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Humza Yousaf and Anas Sarwar clash over windfall tax

Humza Yousaf faced questions on the windfall tax and NHS at FMQs | Alamy

Humza Yousaf and Anas Sarwar clash over windfall tax

Humza Yousaf and Anas Sarwar have clashed over Labour's plan to increase the windfall tax on oil and gas firms.

The Scottish Labour leader accused the SNP of raising taxes on workers while “siding with energy giants”.

But the First Minister pointed to industry figures who have suggested that an increase to the levy would cost thousands of jobs in the sector.

Labour’s proposal was announced earlier this month, with the party saying it would increase the windfall tax on oil and gas profits from 75 to 78 per cent if it wins the next general election. The levy will also be extended by a year to 2029.

Speaking at FMQs, Sarwar said the SNP’s opposition to the proposals showed the party was putting energy firms ahead of workers.

He also hinted that industry warnings about the negative impact were incorrect. He said: “Every time Labour’s proposed a change to help working people, warnings have been made and they’ve not come true. In 1997 when Labour proposed a minimum wage and a windfall tax, they were warned it would cost two million jobs. It didn’t happen – it improved the lives of working people.”

Yousaf said the Labour leader was "calling the industry liars", adding the policy would leave workers "on the scrap heap".

He added Labour's plans would "completely wipe out" the benefits of Scotland's oil and gas sector, while at the same time the party would fail to invest in the new green economy.

Labour earlier this month U-turned on its plans to invest £28bn a year in its green strategy, with leader Keir Starmer saying that doing so would be "irresponsible" in the current fiscal climate.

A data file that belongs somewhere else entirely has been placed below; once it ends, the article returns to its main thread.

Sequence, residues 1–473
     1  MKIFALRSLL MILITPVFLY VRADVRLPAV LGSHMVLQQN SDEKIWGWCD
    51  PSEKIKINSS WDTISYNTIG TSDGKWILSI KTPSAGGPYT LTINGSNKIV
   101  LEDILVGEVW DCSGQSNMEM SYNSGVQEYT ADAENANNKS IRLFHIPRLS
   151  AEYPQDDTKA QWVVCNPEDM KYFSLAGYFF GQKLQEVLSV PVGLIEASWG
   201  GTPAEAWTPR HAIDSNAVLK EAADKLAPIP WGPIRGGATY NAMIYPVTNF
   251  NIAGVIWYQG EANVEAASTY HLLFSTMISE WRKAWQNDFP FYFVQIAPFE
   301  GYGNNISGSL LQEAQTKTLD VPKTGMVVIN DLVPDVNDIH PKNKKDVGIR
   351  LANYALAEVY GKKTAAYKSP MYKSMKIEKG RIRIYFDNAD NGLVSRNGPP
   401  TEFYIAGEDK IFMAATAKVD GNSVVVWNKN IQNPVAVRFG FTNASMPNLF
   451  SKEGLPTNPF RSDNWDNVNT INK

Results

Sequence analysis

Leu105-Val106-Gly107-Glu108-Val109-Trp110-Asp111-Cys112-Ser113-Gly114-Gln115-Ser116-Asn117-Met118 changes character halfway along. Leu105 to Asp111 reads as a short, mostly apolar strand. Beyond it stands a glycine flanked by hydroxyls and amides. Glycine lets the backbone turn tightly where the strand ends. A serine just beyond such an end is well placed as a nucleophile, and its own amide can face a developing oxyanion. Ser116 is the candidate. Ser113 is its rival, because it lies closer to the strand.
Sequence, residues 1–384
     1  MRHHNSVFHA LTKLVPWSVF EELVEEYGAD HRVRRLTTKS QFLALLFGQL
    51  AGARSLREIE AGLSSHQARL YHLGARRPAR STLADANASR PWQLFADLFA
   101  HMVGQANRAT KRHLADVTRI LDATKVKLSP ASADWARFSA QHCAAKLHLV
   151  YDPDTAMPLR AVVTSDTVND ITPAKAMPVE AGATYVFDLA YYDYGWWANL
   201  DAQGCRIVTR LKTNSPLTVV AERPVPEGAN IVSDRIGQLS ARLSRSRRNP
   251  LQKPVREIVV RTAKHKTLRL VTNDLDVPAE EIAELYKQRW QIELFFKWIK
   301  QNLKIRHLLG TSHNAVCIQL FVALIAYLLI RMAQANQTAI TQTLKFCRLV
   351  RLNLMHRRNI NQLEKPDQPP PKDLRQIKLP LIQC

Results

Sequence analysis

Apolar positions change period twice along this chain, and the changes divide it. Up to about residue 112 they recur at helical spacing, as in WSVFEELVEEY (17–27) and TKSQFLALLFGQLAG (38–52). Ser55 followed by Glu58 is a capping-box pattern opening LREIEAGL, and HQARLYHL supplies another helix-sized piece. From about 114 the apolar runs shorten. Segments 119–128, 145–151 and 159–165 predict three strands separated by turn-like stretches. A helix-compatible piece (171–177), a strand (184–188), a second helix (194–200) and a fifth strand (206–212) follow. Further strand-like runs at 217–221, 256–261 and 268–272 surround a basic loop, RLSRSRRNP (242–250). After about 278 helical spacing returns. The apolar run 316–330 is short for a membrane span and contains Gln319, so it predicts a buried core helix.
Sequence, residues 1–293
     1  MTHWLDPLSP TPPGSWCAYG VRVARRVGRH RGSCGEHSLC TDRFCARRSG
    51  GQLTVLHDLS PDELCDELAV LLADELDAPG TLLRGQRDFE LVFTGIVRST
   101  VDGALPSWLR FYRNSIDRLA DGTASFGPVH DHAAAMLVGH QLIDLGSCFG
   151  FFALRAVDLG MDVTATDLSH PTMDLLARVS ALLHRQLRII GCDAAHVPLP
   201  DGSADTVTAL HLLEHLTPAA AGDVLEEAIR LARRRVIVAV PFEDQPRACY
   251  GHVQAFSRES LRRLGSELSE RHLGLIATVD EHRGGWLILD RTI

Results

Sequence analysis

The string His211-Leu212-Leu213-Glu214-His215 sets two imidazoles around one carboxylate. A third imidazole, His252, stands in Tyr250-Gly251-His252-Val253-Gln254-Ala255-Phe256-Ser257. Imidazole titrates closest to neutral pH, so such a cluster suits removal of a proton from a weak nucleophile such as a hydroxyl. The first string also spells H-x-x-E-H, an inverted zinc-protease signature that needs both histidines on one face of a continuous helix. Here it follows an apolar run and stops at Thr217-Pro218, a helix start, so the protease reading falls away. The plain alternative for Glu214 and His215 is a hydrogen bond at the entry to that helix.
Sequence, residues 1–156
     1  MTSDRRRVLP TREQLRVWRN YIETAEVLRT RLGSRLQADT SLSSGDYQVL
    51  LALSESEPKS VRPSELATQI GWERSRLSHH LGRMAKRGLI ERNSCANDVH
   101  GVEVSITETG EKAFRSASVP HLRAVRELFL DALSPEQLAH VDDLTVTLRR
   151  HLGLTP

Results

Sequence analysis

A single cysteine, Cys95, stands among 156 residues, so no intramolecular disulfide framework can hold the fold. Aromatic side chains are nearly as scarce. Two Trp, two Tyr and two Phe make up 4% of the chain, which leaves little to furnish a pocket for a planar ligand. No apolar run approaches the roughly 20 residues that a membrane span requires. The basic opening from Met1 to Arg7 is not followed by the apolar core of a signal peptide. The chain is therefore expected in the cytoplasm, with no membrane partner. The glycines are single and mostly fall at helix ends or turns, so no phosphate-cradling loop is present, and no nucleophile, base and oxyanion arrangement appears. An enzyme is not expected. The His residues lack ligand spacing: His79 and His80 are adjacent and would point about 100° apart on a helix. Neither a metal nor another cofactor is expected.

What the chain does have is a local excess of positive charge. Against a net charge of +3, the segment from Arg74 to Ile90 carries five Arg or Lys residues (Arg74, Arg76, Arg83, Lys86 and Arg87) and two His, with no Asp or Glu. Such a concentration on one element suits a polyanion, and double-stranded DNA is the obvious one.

Earlier in FMQs, the First Minister was forced to defend his record on the NHS after Scottish Tory leader Douglas Ross raised a recent critical report from Audit Scotland.

Ross said the report proved the NHS in Scotland was "getting worse not better" and that an 11-fold increase in patients experiencing long waits was "shocking".

Ross added: "Those are Humza Yousaf's targets, it was his recovery plan... Humza Yousaf sent waiting times in the wrong direction. Will he now finally admit his plan has failed?"

Yousaf, then health secretary, launched the NHS recovery plan in 2021, which included commitments to recruit more staff, reduce the backlogs from the pandemic, and increase capacity. 

The Audit Scotland report warned growing demand, operational challenges, and increasing costs have added to already mounting financial pressures facing the NHS.

It urged the Scottish Government to develop a clear strategy for health and social care going forward.

The First Minister said his government took the findings "seriously" but the concerns raised were "common challenges" across the UK following the pandemic.

He accused the UK Government of "taking a hatchet to our public services", saying there had been a 10 per cent cut to the capital budget.

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